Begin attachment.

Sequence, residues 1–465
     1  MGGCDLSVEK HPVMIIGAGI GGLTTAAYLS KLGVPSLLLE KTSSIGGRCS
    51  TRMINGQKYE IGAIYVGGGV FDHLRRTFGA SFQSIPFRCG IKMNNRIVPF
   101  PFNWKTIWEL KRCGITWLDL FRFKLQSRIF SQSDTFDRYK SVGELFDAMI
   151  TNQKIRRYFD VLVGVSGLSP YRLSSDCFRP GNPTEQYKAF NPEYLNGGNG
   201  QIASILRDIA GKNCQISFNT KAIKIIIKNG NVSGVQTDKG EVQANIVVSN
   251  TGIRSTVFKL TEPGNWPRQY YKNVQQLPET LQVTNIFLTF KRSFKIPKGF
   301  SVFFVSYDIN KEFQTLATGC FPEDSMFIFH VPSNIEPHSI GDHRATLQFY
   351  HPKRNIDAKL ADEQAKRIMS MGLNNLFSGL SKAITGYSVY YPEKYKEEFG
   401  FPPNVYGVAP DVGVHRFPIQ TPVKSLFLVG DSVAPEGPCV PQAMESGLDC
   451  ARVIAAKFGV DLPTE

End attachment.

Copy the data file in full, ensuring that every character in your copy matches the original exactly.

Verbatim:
Sequence, residues 1–465
     1  MGGCDLSVEK HPVMIIGAGI GGLTTAAYLS KLGVPSLLLE KTSSIGGRCS
    51  TRMINGQKYE IGAIYVGGGV FDHLRRTFGA SFQSIPFRCG IKMNNRIVPF
   101  PFNWKTIWEL KRCGITWLDL FRFKLQSRIF SQSDTFDRYK SVGELFDAMI
   151  TNQKIRRYFD VLVGVSGLSP YRLSSDCFRP GNPTEQYKAF NPEYLNGGNG
   201  QIASILRDIA GKNCQISFNT KAIKIIIKNG NVSGVQTDKG EVQANIVVSN
   251  TGIRSTVFKL TEPGNWPRQY YKNVQQLPET LQVTNIFLTF KRSFKIPKGF
   301  SVFFVSYDIN KEFQTLATGC FPEDSMFIFH VPSNIEPHSI GDHRATLQFY
   351  HPKRNIDAKL ADEQAKRIMS MGLNNLFSGL SKAITGYSVY YPEKYKEEFG
   401  FPPNVYGVAP DVGVHRFPIQ TPVKSLFLVG DSVAPEGPCV PQAMESGLDC
   451  ARVIAAKFGV DLPTE